The main School House of Brymore has had a long, varied and interesting history. Spanning over 800 years, the house has seen the best and toughest of times – through Civil war, World War and changing architectural fashions. Not to mention its changing use from stately home to school, to prison, to the billeting of troops and back to a school again!
During the Saxon period a man named Edric worked the land. Following the Norman Conquest and into the 12th century the deeds were owned by the ‘de Coursey’ family. The origin of the name Brymore is unclear – it may have come from a Geoffrey de Bramora who owned the land in 1216 or it may be a corruption of ‘Broom Moor after shrub the wild yellow flowered shrubs.
The most celebrated member of the family was John Pym, born at Brymore in 1584. He became a Member of Parliament for Calne in Wiltshire in 1614 where he began a career of opposition to Charles 1.
In 1729 the HALES family bought the house, and at the end of the 18th century Sir Philip Hales rebuilt it with the exception of the Porch.
In 1836 when Sir Philip’s daughter died the estate passed to the Bouveries. They added to the house and in 1892 a third storey was added to the 19th century part with Basil Cottan as the architect. This provided twelve bedrooms, a servants’ hall and service rooms.
Although the Hales had added considerably to the house early in the 20th century one member of the family over-indulged his passion for the stage, bringing entire theatre companies to Brymore, from London on specially chartered trains, for a weekend’s entertainment. Not surprisingly the estate fell into decline and in 1928 was sold to Gordon Cecil Hart.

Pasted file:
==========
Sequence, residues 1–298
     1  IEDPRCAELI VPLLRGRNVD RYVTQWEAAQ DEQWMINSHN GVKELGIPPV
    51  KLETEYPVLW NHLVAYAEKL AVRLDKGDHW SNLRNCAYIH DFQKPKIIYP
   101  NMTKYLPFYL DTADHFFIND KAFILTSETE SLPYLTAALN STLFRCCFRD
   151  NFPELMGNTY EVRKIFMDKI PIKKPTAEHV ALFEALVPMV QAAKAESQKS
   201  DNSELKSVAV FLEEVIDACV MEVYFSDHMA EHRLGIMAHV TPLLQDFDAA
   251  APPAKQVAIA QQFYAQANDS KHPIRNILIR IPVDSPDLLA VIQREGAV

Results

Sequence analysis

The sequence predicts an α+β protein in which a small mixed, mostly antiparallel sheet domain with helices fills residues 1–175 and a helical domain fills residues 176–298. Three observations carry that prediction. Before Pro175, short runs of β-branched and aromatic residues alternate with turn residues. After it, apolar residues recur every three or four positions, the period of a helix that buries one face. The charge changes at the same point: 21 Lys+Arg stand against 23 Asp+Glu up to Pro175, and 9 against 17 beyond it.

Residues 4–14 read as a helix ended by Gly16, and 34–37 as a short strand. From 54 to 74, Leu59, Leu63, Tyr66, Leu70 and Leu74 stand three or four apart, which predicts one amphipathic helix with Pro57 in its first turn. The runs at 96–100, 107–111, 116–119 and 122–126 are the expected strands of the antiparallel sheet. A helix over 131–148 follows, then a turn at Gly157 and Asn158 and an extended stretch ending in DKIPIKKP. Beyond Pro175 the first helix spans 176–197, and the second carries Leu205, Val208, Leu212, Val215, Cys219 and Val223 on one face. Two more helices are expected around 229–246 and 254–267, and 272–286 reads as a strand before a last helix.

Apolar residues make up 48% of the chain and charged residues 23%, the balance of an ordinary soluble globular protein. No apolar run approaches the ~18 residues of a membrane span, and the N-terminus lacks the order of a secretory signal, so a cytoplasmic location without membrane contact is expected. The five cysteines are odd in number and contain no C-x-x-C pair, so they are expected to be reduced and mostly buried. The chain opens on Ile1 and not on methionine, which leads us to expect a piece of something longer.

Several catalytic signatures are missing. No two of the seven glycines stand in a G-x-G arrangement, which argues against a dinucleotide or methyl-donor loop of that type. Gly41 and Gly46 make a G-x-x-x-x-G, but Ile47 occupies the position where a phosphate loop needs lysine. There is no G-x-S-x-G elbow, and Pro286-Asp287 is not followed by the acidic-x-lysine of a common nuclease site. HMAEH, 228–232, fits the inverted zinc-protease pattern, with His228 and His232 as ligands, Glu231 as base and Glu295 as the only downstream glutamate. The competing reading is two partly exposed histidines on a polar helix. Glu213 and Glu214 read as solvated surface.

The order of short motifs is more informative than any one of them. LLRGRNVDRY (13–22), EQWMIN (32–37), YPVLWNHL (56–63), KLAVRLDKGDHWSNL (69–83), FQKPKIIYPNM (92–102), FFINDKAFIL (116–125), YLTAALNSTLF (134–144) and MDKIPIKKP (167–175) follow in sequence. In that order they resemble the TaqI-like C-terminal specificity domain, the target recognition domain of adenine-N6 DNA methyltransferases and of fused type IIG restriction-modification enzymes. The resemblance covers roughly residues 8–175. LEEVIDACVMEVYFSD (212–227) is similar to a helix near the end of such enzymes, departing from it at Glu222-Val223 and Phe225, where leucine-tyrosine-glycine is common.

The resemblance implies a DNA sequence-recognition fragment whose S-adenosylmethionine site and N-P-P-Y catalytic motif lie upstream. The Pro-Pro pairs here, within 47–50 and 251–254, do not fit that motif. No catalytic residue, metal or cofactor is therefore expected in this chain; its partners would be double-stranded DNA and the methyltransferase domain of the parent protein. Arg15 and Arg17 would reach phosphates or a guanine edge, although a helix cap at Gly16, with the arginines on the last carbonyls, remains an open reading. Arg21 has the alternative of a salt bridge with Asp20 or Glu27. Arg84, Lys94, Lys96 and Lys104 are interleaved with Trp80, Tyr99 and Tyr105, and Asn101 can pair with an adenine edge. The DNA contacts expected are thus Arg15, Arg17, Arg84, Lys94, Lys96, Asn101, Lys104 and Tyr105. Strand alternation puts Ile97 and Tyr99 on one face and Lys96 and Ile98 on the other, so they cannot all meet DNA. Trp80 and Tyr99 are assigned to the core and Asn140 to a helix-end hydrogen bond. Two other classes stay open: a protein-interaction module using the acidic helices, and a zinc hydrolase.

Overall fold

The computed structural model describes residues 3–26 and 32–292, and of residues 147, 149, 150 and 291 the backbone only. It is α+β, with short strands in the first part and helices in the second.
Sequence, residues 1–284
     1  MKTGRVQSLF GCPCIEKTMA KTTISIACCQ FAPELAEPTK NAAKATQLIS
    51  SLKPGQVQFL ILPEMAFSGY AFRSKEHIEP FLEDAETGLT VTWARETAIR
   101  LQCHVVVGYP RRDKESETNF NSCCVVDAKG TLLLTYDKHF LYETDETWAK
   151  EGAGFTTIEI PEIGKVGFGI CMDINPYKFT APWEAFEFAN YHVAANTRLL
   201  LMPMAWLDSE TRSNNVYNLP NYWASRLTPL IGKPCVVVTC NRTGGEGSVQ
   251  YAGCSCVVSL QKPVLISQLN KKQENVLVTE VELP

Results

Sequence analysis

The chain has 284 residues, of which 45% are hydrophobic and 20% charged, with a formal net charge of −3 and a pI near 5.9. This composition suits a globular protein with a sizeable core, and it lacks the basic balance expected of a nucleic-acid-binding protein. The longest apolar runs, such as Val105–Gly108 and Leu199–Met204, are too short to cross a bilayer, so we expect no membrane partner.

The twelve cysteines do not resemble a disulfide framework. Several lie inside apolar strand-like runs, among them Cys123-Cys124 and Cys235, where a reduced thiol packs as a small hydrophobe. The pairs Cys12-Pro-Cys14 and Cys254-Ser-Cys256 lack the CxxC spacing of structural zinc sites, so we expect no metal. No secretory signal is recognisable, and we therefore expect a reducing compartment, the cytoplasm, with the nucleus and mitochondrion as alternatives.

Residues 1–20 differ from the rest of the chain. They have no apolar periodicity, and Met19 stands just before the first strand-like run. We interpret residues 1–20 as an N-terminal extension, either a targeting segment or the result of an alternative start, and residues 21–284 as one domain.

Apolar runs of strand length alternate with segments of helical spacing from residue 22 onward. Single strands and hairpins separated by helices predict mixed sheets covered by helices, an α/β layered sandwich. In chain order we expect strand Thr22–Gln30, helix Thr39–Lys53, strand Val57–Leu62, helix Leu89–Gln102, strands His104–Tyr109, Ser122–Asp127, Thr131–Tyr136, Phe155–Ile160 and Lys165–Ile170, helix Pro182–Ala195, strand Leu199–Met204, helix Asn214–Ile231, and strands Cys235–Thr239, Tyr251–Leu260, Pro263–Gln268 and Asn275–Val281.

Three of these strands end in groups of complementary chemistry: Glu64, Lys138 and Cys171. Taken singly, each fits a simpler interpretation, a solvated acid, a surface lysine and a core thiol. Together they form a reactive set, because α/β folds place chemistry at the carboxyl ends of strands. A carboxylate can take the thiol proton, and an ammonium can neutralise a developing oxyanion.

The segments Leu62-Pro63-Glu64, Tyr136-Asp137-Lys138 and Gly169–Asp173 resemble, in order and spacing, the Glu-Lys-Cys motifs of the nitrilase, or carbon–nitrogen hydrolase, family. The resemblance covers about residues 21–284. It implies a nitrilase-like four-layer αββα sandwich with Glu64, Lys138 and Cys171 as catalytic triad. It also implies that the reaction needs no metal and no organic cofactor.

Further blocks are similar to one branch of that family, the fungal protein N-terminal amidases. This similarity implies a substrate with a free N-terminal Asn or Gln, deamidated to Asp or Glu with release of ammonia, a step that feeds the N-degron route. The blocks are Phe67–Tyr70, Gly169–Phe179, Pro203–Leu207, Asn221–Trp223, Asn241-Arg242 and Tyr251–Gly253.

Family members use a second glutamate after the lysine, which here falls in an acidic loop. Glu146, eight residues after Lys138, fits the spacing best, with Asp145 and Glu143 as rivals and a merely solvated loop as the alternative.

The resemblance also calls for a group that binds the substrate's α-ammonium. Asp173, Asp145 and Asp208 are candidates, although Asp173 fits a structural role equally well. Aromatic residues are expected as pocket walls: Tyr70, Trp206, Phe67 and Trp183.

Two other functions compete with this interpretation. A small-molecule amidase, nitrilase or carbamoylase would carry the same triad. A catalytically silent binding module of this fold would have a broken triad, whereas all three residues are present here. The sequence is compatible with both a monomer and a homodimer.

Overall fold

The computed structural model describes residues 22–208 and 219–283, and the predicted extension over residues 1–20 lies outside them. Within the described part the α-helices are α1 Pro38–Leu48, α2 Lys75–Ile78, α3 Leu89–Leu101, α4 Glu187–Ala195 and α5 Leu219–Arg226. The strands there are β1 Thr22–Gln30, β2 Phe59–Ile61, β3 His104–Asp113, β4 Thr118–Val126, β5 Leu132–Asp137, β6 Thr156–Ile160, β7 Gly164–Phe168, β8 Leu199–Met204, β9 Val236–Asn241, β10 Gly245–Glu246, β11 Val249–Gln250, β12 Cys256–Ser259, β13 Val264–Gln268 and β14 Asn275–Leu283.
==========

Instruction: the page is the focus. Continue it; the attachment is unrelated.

At the outbreak of the Second World War it was requisitioned and the girls of Malvern College spent a year at Brymore. Subsequently the house was used for Italian and German prisoners of War.
In 1943, the 535th Automatic Weapons Battalion of the US Army were billeted at Brymore while preparing for the D-Day landings. Some of the buildings they erected are still used as classrooms today. The initials of one American is carved in the lead on the roof of the main house, and their gun emplacements can be found on the site. The heavy vehicles were parked along the front driveway where the soil is so compacted so that it is still impossible to grow trees between the drive and the stream.
In 1951 the Somerset County Council purchased the estate at a cost of £6,600 where following extensive repairs and alterations it opened as a Secondary Technical School in September 1952. The extensive walled gardens (one section dated 1753) are used for students to have their own individual plots, and the large, late nineteenth century stable block now houses the schools workshops. Much modernisation has since occurred with £ 6 million being spent in recent years on new boarding accommodation and a new teaching block.